14C.6 Effect of Sea-Surface Temperature and Ambient Moisture on the Formation and Predictability of Tropical Cyclones Under Vertical Wind Shear: An Ensemble Predictability Perspective

Thursday, 19 April 2018: 2:45 PM
Champions ABC (Sawgrass Marriott)
Dandan Tao, Penn State Univ., Univ. Park, PA; and F. Zhang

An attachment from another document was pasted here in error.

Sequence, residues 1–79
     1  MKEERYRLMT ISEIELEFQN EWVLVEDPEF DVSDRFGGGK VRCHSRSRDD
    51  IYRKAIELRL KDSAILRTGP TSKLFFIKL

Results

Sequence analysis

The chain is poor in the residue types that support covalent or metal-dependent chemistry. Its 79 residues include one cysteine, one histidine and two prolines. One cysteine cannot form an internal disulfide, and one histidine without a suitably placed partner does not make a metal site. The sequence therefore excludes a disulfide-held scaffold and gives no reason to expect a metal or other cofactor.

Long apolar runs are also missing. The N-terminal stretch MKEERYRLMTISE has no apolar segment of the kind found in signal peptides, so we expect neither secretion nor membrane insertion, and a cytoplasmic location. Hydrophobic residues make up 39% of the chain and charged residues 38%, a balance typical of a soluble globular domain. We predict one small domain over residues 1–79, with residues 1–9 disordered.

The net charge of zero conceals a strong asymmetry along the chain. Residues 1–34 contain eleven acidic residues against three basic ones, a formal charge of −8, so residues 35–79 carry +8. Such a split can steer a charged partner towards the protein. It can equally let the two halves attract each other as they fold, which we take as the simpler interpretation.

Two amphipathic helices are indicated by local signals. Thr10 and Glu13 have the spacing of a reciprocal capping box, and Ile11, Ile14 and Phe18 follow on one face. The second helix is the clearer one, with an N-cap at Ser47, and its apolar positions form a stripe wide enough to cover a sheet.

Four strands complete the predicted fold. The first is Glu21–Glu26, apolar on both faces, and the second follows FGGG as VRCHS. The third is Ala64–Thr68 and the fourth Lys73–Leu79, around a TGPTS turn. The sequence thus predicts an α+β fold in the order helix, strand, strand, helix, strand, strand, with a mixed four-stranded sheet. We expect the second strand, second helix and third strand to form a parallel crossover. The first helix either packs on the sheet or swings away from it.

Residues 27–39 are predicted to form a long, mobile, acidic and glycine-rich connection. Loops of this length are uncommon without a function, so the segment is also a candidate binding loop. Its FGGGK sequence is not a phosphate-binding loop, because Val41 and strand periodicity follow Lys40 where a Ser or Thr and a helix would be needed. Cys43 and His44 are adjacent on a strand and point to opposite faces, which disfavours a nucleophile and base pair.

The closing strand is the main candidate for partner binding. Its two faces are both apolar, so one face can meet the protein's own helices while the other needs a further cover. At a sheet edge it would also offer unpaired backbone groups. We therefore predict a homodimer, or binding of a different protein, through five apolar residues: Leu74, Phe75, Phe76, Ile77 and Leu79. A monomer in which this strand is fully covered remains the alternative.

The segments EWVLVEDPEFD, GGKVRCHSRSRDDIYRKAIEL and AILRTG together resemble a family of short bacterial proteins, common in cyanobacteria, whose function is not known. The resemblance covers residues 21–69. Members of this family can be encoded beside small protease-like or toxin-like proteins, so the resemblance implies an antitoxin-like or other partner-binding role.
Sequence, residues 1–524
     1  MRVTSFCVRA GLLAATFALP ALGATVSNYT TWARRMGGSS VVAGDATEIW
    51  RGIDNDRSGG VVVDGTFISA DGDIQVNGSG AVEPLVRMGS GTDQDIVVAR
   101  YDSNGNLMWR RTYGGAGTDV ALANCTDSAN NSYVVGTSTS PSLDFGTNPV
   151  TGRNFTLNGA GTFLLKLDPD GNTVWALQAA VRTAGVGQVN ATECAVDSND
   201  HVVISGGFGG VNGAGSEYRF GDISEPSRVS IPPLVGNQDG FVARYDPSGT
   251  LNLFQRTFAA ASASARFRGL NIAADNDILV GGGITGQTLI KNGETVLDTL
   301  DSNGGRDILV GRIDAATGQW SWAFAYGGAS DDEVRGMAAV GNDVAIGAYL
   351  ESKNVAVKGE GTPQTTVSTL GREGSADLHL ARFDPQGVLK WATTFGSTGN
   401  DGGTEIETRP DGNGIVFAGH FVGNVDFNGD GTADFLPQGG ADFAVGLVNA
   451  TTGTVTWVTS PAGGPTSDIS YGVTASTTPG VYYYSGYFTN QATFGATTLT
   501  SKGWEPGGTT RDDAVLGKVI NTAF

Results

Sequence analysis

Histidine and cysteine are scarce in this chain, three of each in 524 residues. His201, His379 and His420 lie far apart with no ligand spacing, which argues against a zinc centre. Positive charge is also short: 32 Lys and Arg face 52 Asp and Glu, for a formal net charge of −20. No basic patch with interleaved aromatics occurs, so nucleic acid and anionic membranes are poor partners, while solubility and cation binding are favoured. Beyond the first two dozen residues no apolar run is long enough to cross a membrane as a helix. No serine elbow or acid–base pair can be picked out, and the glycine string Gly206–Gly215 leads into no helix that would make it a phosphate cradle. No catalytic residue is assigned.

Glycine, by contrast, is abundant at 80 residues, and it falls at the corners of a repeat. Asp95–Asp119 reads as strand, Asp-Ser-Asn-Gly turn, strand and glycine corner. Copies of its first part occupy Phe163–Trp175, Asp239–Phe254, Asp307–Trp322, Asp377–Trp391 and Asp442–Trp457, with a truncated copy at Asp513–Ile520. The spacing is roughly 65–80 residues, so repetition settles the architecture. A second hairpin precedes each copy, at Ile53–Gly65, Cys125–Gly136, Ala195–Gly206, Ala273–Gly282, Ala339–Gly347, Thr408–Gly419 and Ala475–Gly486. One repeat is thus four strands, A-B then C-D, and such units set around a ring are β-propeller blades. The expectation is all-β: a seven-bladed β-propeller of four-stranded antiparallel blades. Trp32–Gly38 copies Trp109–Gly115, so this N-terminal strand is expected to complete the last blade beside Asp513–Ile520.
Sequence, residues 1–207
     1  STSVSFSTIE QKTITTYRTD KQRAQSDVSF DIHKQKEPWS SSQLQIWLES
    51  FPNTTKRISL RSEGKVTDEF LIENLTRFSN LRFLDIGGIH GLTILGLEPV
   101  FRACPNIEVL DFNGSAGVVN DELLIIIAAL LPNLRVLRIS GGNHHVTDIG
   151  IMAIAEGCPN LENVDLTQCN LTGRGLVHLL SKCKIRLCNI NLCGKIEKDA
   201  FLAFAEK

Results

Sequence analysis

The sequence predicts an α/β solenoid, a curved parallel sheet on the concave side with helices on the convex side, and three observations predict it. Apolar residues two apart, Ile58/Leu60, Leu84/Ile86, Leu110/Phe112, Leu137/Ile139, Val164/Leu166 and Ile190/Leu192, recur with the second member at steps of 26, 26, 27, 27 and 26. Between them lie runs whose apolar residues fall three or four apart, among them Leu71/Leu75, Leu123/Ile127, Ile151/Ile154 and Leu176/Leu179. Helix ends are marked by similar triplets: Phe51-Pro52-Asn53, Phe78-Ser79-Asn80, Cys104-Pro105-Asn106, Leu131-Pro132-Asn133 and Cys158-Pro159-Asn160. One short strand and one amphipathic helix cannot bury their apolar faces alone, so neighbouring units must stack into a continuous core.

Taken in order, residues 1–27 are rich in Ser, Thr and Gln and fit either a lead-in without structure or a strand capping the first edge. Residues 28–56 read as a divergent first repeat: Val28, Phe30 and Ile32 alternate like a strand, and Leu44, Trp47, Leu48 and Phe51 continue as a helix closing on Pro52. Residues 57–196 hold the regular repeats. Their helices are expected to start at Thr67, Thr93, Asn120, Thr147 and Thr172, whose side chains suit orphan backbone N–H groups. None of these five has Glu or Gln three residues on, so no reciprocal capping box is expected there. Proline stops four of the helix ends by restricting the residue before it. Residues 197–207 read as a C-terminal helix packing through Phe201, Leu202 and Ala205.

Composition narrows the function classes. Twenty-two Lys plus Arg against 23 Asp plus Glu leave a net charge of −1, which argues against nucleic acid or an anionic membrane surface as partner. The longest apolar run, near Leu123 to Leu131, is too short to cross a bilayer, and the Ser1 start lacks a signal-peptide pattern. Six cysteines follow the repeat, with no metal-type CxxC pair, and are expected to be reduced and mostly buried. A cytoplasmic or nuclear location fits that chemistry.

The sensitivities of tropical cyclones (TC) rapid intensification (RI) predictability to the sea-surface temperature (SST) and ambient moisture under vertical wind shear are explored through a series of cloud-permitting ensemble simulations with small, random initial condition perturbations. On average, a higher SST has a positive effect on the TC formation and reduces the uncertainty of development for all shear conditions, while a drier environment has a negative impact on the TCs development and either broadens the ensemble spread of RI onset time or prevents the storm from forming when the shear-induced tilt is large. The sea surface temperature influence the predictability of RI through affecting the convection and diabatic heating release and hence the transition from the thermal energy to kinetic energy. The resulting vortices are much stronger in high SST ensemble, which benefits the precession to be much faster and the tilt to be noticeably smaller during precession. The role of the environmental dry air is weakening the convection by diluting the air moisture and forbidden or suppress the convection outside the moist envelop. The effect of dry air on the predictability is depending on the shear magnitude. The larger the shear, the bigger the influence of dry air on the spread of RI onset time.
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